Template:Infobox settlement Oude Noorden (Old North) is an area of north Rotterdam, Netherlands and is part of the borough Noord. It has approximately 18,000 inhabitants. The district has much pre World War I and World War II architecture still in existence. It has a vibrant though somewhat discreet artistic community.
In 2009 Eberhard van der Laan, the Minister of Housing, referred to the neighbourhood as the third worst in his "40 problem neighbourhoods" list.
The construction of the district
Oude Noorden is a typical residential area which was destined for the crowded city of Rotterdam to relief. The first houses were built in 1870 around the Noordsingel, which was part of the single plan of city architect Willem Nicolaas Rose. However, it was stipulated that the workers' houses were not allowed to be built on the Noordsingel.
For the rest of the neighborhood were wide streets with large blocks provided. But the streets were narrow and the houses were built close together. Between 1870 and 1930 expanded the area further and further to the north, which in 1903 became necessary to annexing a part of the territory of Hillegersberg.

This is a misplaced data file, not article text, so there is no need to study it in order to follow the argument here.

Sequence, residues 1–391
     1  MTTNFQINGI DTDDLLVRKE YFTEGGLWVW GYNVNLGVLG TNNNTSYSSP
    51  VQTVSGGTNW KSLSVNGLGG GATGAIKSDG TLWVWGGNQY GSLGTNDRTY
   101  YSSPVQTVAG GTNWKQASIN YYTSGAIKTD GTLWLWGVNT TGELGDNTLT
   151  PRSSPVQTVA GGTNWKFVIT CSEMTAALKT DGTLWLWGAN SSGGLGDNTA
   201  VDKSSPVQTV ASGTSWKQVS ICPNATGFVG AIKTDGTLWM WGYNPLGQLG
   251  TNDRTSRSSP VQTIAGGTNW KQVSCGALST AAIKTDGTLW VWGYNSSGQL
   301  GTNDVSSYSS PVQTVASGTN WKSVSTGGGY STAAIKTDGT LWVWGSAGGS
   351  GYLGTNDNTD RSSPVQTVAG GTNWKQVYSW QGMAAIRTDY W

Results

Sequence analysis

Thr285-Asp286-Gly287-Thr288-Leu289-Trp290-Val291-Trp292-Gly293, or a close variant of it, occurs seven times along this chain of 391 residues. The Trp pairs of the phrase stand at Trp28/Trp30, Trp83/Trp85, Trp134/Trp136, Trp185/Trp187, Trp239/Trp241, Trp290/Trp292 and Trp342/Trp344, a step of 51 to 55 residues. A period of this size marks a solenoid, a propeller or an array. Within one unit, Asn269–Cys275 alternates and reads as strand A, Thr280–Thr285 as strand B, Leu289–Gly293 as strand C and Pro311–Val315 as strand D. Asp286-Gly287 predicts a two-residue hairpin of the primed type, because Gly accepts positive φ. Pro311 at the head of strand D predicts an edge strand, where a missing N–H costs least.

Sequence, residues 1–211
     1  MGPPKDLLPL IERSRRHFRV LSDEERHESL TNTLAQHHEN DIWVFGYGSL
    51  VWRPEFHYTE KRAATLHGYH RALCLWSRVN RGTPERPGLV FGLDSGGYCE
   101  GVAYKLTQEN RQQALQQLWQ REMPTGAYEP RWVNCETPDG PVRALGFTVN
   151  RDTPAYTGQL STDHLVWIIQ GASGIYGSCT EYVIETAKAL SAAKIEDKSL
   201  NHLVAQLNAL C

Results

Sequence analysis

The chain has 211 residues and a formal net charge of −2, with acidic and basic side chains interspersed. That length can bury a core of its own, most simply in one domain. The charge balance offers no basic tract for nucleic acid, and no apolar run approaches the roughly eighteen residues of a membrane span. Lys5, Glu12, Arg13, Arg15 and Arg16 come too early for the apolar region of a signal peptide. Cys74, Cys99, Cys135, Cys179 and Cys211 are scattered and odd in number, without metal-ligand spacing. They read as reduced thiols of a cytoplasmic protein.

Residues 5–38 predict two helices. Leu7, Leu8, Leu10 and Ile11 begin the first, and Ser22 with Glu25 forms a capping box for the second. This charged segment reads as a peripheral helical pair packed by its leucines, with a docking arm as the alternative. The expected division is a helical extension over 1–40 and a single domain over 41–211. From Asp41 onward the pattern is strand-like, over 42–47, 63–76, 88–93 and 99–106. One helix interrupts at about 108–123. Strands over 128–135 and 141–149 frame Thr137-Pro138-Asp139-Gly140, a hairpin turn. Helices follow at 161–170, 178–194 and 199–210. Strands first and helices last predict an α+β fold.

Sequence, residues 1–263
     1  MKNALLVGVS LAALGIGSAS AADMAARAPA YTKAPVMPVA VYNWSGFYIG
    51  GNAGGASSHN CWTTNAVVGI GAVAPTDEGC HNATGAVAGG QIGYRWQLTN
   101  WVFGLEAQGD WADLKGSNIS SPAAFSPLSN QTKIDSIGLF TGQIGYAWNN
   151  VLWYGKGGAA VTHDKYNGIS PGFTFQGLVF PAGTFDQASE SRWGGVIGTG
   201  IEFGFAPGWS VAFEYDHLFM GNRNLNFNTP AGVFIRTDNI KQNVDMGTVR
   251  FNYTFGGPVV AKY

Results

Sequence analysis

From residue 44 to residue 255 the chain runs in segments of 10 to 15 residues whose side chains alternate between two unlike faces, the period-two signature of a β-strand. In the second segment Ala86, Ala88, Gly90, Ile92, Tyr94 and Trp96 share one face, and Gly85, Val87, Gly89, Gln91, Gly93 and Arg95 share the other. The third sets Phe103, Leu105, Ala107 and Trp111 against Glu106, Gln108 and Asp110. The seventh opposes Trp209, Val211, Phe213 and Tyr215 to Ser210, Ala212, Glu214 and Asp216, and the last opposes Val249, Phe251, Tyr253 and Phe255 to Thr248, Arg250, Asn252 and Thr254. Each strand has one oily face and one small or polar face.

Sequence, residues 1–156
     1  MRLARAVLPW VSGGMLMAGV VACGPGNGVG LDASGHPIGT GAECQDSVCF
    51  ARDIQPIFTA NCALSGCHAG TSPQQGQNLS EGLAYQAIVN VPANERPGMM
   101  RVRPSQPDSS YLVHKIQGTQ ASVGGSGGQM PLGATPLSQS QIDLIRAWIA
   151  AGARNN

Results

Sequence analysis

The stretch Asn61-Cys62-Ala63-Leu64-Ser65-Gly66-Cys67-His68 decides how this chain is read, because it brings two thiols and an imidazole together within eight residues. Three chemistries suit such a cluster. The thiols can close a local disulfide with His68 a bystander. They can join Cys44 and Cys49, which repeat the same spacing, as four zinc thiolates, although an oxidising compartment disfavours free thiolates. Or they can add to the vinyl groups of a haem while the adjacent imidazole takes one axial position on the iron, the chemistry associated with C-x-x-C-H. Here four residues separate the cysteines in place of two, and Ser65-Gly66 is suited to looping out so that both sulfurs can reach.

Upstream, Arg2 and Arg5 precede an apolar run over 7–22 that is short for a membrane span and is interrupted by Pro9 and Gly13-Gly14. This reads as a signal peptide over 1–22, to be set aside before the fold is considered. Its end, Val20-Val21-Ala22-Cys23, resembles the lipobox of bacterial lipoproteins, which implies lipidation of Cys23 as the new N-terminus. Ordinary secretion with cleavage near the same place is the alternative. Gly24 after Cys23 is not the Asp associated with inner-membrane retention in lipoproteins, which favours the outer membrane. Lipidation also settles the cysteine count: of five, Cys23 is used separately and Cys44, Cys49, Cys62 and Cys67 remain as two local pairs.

300px Oude Noorden is a mixture of architectural styles. Most notable are the styles of the 20th century and the urban renewal in the 1980s. The district is compact with a high number of inhabitants per square kilometer. Notable buildings are the bandstand at the Pijnackerplein, and the Convent of the Ruivenstraat. In the third Pijnackerstraat is the building in which the oldest neighbourhood library of the Netherlands was established.
Many notable Dutch people are from the Oude Noorden. Coen Moulijn, Willem de Kooning, Patricia Paay, Wim Jansen, Faas Wilkes, Yvonne Keeley and Rita Reys are born in the district. There is a monument for soccer player Coen Moulijn, the wall of Coen Moulijn. It is in the Bloklandstraat where he lived for years, the street where also Wim Jansen grew up.